What you have just copied to your computer is an image of the complete Raspian operating system. The advantage of an image is that you can write it as it is completely on the SD card. This makes the installation process a bit easier.
Load Win32 Disk Imager:
To copy the image to the SD card later we need another tool: Namely the "Win32 Disk Imager". This is also available for free download at: https://sourceforge.net/projects/win32diskimager/files/Archive/
Now you see a list. There are different program versions listed. You need now the newest program version which contains the addition "binary". Currently this is the "Win32DiskImager-1.0.0-binary.zip". (It is possible that there will be new versions of this program soon. Then the 1.0.0 becomes a higher number (version number). Then always choose the program version with the highest version number and the addition "binary").
Load SD Formatter:
To prepare the SD card to which we will copy the image we need another program. Before we copy the image to the SD card, we have to format it. For this we download the program "SD Formatter" at https://www.sdcard.org/downloads/formatter_4/ down.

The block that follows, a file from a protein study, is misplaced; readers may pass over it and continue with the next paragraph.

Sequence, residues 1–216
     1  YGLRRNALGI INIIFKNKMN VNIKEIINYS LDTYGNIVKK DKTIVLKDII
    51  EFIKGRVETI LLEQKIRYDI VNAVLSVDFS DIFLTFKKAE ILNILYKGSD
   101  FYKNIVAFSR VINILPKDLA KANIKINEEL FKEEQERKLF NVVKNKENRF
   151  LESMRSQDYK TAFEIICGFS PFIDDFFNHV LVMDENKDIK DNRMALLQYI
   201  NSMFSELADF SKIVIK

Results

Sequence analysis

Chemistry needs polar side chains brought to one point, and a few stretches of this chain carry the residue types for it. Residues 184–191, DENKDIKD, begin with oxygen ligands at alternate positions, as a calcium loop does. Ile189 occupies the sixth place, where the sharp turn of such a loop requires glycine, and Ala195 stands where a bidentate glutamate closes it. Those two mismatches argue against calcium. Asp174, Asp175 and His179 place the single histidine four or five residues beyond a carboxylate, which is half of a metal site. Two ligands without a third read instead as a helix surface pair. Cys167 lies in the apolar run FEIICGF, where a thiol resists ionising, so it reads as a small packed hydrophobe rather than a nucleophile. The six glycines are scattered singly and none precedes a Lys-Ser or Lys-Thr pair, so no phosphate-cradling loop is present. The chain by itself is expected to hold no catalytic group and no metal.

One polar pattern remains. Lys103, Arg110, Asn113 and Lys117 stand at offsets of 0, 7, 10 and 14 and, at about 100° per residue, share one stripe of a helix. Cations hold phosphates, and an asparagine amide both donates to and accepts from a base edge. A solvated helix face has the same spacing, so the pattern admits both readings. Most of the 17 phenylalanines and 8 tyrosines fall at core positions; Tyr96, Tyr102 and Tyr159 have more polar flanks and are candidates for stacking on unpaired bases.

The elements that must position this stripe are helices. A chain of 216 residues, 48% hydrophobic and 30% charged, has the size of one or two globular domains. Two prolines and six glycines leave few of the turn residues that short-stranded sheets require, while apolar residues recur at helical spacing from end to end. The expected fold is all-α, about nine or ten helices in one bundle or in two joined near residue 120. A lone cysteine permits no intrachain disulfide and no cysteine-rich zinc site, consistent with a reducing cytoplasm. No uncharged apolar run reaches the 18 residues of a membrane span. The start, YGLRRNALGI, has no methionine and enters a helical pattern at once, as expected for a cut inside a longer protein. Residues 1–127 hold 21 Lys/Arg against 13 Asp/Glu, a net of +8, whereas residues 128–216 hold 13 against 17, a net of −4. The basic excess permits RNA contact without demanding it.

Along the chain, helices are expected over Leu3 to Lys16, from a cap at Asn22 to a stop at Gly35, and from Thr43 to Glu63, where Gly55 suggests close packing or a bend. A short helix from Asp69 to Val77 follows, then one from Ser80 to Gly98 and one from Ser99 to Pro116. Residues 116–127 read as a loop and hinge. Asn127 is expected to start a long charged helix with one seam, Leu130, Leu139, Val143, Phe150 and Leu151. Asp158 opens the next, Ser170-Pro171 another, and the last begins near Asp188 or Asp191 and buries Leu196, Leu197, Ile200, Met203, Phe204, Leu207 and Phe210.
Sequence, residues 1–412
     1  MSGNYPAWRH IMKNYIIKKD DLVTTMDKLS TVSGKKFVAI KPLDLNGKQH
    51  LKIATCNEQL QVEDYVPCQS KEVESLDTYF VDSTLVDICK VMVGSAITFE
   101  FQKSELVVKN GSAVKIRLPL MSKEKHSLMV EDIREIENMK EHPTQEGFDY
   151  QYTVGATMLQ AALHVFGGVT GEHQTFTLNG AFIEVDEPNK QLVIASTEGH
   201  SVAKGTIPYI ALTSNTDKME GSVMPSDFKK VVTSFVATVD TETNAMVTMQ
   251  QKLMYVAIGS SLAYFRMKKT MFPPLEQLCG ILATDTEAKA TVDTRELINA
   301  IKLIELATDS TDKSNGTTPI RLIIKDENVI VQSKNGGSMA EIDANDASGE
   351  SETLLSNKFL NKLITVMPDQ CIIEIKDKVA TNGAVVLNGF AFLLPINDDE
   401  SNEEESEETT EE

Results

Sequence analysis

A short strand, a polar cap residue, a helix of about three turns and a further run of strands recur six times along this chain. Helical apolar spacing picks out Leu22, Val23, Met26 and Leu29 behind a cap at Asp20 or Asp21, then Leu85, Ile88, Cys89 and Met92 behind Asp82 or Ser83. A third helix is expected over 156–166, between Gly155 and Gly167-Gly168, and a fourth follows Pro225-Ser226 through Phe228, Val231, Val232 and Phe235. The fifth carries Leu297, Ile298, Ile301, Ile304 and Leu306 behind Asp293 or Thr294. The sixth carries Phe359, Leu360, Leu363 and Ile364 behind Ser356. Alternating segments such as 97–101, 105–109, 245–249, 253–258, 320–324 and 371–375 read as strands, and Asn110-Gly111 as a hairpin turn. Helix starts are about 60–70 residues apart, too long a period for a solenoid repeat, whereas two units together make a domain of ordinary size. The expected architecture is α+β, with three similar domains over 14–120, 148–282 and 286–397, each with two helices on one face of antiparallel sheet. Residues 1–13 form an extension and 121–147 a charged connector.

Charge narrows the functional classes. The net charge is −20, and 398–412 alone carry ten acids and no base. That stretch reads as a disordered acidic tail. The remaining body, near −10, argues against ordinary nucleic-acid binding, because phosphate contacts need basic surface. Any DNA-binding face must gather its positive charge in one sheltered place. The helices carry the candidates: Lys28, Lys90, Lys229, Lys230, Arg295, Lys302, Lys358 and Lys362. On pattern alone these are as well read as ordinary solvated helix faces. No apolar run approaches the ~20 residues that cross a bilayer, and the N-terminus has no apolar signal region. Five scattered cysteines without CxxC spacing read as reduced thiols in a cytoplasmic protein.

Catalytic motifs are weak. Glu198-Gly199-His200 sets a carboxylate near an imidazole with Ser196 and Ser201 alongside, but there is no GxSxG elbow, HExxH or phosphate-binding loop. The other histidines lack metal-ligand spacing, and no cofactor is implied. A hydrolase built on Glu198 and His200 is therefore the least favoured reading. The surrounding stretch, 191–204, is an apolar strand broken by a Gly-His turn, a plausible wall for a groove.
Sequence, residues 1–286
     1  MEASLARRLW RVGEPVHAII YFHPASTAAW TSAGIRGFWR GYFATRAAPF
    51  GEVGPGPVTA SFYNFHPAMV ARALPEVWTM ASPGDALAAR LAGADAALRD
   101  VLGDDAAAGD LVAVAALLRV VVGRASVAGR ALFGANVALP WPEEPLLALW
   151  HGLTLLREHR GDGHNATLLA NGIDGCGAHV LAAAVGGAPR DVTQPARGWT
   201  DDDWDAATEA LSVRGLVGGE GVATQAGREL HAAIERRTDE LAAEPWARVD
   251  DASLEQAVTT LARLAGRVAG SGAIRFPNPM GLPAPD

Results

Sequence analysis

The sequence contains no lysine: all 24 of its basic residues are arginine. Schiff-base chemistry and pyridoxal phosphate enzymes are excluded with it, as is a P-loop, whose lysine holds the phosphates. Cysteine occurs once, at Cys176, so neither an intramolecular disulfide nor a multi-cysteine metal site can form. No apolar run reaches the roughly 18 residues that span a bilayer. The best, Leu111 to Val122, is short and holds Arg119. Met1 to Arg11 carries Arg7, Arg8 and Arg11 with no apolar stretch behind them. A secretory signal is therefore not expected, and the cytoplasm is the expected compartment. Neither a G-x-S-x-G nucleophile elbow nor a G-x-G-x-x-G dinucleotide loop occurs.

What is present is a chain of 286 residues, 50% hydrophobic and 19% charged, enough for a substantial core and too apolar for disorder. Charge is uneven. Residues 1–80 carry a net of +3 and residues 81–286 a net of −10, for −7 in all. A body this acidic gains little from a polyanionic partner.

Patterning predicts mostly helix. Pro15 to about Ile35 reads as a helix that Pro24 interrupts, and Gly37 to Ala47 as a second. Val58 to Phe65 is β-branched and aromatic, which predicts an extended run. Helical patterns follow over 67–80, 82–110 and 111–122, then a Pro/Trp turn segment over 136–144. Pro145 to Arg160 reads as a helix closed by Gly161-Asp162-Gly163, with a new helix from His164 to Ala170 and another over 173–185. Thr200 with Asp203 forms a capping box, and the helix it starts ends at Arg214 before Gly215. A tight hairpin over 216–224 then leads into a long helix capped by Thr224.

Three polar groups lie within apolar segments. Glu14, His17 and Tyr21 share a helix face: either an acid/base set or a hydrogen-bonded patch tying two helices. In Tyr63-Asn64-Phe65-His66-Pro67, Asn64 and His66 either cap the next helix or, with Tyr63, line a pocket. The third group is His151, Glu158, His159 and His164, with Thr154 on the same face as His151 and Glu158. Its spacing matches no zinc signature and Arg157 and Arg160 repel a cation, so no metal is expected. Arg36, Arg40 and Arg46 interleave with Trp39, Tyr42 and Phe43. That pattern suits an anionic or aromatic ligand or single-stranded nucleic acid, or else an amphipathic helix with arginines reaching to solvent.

If you open the link, you will find the download link to the program a little further down (see photo).
Click there on "For Windows". On the next web page you have to accept the "Eula".
Prepare SD card:
Now that you have prepared all the necessary programs, it is time to prepare your SD card. It works for the RaspberryPi like the hard disk of your computer. The operating system is loaded from it and data can also be stored on it.
Take your SD card and insert it into the card reader of your computer. The SD card should be recognized.
Now install and open the previously downloaded program "SD Formatter". It should then start and look like this.
To format your SD card you have to select the appropriate drive letter of your SD card under "Select Card". If you are not sure which one it is, remove your SD card from the card reader again. Now click on Refresh and remember all available drive letters in the selection field. Now put your SD card back into the card reader and after clicking on "Refresh" again a new drive letter should be added. This will be the same as the drive letter of your SD card.